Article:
Moderate temperatures, low humidity and many sunny days are just some of the factors that make for a great climate. As such, British Columbia is the place to be in Canada: The best spots for sun-loving Millennials are Victoria, Nanaimo, Vancouver and North Vancouver. On the other hand, for those who prefer the colder climate, Alberta has all the best spots: St. Albert, Grande Prairie and Regina are some of the coldest and most humid cities in the country.
Although this might sound like an elusive concept, life satisfaction encompasses all of the factors above — and more. And the cities where Millennials report the highest level of satisfaction with their lifestyle are Trois-Rivières and Québec City.
On the other hand, the cities that are less desirable for Millennials tend to have fewer affordable housing options or job opportunities than the cities that are higher on the list. However, while these are the main factors people consider when deciding where to move, colder climates, higher crime rates and even lower overall life satisfaction might influence young people’s final decision, as well.
In fact, three of the 10 least desirable cities for Millennials also boast some of the highest home prices of all of the cities included in the analysis: Langley, BC; Vaughan, ON and Caledon, ON all have average prices above $1 million. This could discourage many young people from moving to the area, as they tend to earn less than older generations and have less money to invest in a home.
Similarly, Cape Breton, NS — the seventh least attractive city for young people — has the lowest income for this age group of all the cities in the study. And, at $89,569, it is also the only city on the list with a median Millennial income below $90,000. Abbotsford, BC and Charlottetown, PEI take the second and third spots, with median incomes a little higher than $90,000. However, on the bright side, of the 10 least desirable cities for Millennials, six boast incomes higher than $100,000.
At opposite ends of the spectrum when it comes to unemployment rates are Québec City, QC, and Cape Breton, NS. Specifically, Québec’s capital has the lowest unemployment rate of the 85 cities considered for the study, and is the only city with a rate below 3%. Conversely, at 14.7%, Cape Breton has the highest unemployment rate of Canada’s 85 largest urban centres.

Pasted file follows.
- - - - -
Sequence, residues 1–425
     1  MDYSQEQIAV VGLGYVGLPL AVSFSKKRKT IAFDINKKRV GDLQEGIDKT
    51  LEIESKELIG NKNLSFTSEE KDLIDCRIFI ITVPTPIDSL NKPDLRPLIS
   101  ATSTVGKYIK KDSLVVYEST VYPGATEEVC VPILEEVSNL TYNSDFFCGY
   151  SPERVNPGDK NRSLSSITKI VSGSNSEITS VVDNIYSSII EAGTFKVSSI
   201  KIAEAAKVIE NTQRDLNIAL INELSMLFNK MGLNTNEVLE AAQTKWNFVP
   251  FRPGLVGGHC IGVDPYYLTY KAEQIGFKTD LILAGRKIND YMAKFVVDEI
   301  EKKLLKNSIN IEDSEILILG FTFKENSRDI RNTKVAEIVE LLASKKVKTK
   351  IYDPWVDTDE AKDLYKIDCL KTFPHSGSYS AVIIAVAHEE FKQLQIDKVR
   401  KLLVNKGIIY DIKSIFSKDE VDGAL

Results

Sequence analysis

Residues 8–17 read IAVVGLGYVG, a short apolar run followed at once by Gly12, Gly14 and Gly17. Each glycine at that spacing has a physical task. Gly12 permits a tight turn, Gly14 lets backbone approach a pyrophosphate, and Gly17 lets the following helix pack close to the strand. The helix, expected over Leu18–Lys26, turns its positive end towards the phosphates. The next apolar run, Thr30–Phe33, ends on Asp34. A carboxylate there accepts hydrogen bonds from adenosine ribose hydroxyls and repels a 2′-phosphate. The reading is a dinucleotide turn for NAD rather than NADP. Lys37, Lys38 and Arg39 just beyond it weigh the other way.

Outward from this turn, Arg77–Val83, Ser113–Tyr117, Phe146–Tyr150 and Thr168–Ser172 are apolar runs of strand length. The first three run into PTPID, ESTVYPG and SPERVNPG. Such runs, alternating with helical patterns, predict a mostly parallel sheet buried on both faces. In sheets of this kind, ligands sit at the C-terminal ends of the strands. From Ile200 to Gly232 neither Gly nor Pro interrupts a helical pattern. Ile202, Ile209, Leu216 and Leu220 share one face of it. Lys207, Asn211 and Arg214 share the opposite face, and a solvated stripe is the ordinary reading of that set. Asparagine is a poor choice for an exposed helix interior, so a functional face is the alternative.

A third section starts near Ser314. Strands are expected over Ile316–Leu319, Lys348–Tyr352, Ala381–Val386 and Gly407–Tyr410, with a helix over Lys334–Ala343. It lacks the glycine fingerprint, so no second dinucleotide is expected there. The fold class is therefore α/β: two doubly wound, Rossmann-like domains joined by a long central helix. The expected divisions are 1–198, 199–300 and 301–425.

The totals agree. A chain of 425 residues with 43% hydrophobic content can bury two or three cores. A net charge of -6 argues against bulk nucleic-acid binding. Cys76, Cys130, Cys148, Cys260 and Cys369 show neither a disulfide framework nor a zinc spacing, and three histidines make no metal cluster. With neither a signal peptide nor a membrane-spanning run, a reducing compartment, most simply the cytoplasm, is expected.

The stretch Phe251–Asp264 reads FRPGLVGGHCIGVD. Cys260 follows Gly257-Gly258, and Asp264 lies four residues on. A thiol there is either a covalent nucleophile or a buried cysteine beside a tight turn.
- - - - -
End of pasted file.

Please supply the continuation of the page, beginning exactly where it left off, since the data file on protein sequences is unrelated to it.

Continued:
The three cities with the lowest shares of residents that have pursued higher education are Kawartha Lakes, ON; Chatham-Kent, ON and Drummondville, QC. Less than 15% of the people living here have bachelor’s degrees. Meanwhile, of the least attractive cities for Millennials, the highest percentage of people who have obtained higher education live in Vaughan, ON, — an impressive 40.7%.
Factors such as the quality of the health care system, health care professionals, equipment, doctors and costs could be vital when deciding where to move to. To that end, Gatineau, QC has the lowest healthcare index of Canada’s largest cities, followed by Charlottetown, PEI and Coquitlam, BC. Alternatively, of the 10 least desirable cities for Millennials, Langley, BC; Chatham-Kent, ON and Chilliwack, BC have the lowest healthcare indexes.
According to Statistics Canada, “all measures of the Crime Severity Index – the overall CSI, the Violent CSI and the Non-violent CSI – increased for the fifth consecutive year.” Prince George, BC; Grande Prairie, AB and Red Deer, AB have the highest rates of offences in the general ranking, while Chilliwack, BC has the highest rate of the 10 least desirable urban centres for Millennials.
Share of Millennials in Population
Of the 10 least desirable cities for Millennials, Caledon, ON has the lowest share of young people, at around 14%. Similarly, Cape Breton, NS; Chatham-Kent, ON; Langley, BC and Chilliwack, BC also have low numbers and shares of people between 25 and 40 years old. However, in the overall ranking, Saint-Jean-sur-Richelieu, QC takes the lowest spot, with only 11% of its resident in the 25 to 40 age group.
If British Columbia wins over all the sun-loving Millennials, then Alberta should be a magnet for those who appreciate colder climates and lower temperatures: St. Albert, AB has the lowest climate index of all the cities in the analysis, while Sarnia, ON has the lowest index of the 10 least attractive urban centres for Millennials.
Sarnia, ON — the fifth least desirable city for Millennials — also gets the fewest votes when it comes to life satisfaction in the overall ranking and Fredericton, NB follows suit. But the biggest surprise comes in at numbers three and four: two of most attractive cities for Millennials — St. John’s, NL and Victoria, BC — have two of the lowest life satisfaction rates of all the cities in the analysis.
- To compile our list we looked at data available for Canada’s 85 largest cities by population.
- For each city we analyzed nine different criteria that are attractive to Millennials: yearly income, benchmark average home selling price, unemployment rate, life satisfaction, crime rate, healthcare, climate, level of education (the percentage of the population with a bachelor’s degree or above) and percentage of Millennials of the total population.
- We graded each criterion from 1 to 85 and then found the total attractiveness score for each city by calculating the sum of these grades. Based on these scores, we determined their position in the ranking.
- The data was sourced from Statistics Canada for unemployment rates, Millennials’ life satisfaction, crime severity, education, the percentage of Millennials of the total population and median income, from Numbeo for healthcare and climate, and from CREA and real estate associations for the average home prices.